Thanks For The Gumball – History of Vending Machines

These days when we think of vending machines we usually think of candy bars, soda pop and potato chips, but did you know that the first vending machine was invented back in 215BC by Hero, a Greek mathematician? It was invented to dispense holy water inside the Egyptian temples.

In the early 1800’s the first coin operated vending machines showed up in London, they dispensed post cards. Shortly after, a bookstore owner, Richard Carlisle, invented a vending machine that dispensed books.

It wasn’t until 1888 that the first commercial coin-operated vending machines were put into use in the United States. These first machines were placed in New York City subways and sold Tutti-Fruiti gum. They were produced by the Thomas Adams Gum Company. The following year, as an added attraction, the Pulver Manufacturing Company introduced animated figures to their machines.

It wasn’t until 1907 that round candy coated gumballs and their machines were introduced. For one penny you could get yourself this sweet treat. Now the average price in the United States is 25 cents.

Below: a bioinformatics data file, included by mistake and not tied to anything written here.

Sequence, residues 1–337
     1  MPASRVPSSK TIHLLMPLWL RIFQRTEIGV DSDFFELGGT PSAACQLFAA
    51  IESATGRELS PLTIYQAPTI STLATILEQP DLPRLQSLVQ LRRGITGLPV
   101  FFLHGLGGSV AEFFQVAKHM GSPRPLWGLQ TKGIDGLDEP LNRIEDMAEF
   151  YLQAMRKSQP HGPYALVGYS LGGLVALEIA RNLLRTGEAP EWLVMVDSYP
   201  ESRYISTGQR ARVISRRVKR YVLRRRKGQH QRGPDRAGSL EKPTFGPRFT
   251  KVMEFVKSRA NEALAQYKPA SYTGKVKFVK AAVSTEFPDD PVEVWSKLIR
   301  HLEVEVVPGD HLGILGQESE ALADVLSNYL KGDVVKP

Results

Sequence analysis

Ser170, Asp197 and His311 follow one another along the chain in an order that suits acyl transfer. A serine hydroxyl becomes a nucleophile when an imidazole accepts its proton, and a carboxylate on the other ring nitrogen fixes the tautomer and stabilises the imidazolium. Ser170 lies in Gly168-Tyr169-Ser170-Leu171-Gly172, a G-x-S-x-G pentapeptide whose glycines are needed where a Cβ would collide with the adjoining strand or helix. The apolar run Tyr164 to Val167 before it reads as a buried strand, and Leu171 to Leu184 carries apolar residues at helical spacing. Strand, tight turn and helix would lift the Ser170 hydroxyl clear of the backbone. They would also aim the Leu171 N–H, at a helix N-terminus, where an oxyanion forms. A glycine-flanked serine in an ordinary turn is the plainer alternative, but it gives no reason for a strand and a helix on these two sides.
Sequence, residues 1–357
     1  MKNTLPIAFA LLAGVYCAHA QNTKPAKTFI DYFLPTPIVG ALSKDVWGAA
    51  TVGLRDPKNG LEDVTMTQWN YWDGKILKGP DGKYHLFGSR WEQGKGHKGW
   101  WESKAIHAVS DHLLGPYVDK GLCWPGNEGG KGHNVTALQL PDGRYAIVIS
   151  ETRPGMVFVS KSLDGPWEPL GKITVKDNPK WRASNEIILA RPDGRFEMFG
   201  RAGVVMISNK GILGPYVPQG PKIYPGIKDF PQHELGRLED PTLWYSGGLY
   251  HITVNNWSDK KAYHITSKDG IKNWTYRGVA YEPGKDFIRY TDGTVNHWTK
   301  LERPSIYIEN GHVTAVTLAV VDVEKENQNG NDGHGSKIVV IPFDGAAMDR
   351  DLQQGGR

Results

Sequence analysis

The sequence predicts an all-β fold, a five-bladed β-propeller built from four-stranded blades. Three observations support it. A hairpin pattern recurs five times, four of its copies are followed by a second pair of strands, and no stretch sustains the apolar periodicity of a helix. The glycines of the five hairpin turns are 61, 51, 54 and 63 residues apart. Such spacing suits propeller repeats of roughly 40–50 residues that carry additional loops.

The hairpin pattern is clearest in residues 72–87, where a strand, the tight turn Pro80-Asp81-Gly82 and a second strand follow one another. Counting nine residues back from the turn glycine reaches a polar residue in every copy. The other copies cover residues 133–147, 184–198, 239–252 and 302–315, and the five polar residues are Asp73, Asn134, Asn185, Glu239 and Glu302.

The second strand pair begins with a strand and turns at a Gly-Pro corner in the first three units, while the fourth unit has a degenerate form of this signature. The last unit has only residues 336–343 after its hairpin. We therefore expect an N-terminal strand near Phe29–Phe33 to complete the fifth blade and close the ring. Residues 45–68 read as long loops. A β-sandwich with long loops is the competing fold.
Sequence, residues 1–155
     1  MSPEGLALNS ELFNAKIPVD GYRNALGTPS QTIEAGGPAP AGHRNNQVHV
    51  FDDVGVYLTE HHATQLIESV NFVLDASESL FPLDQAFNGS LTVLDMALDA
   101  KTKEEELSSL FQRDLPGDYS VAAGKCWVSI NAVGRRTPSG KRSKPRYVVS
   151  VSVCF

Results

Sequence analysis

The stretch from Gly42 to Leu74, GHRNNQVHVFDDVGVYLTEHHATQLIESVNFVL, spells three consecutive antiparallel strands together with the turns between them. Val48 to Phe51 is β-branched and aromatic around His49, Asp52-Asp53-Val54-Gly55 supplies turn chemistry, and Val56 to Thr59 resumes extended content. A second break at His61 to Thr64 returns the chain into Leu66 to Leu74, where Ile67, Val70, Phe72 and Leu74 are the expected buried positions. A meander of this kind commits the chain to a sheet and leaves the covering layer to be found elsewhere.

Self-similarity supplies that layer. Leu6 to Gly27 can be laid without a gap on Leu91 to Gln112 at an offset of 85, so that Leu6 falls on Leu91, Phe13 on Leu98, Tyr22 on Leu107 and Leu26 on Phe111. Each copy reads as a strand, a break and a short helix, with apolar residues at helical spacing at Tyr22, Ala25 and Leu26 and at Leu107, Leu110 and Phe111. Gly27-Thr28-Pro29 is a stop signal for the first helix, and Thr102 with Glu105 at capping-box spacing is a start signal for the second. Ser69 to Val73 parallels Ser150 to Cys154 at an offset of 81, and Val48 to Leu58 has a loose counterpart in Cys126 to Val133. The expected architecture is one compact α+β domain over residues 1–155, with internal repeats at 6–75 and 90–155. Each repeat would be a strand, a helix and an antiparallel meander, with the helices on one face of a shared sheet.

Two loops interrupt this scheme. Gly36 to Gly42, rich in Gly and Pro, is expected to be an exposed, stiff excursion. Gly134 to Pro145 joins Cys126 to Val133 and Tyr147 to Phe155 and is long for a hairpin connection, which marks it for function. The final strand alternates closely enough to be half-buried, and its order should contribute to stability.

Other vending machine milestones include;

1920’s – Automatic vending machines that dispensed sodas into a cup.

1926 – Cigarette machines

1930’s – Chilled, bottled soft drinks

1937 – Coca-Cola bottle machines

1946 – Coffee vending machines

1960 – Single Cup Coffee Machines

1961 – Canned soda machines

1972 – Glass front vending machines

1978 – Soft drink machines that dispense water

1987 – Frozen food machines

1991 – Coffee machines that offer espresso and cappuccino

Today you can find a vending machine for almost anything. Stamps, eggs, lottery tickets, live bait, car washes, perfume, aftershave, Ramen noodles, DVD’s, life insurance, and gemstones, just to name a few.

If you would like to add a bit of nostalgia to your home, you can find vintage vending machines at the Albany Antique Mall at the corner of 2nd and Ellsworth in Historic Downtown Albany.

This entry was posted in Uncategorized. Bookmark the permalink.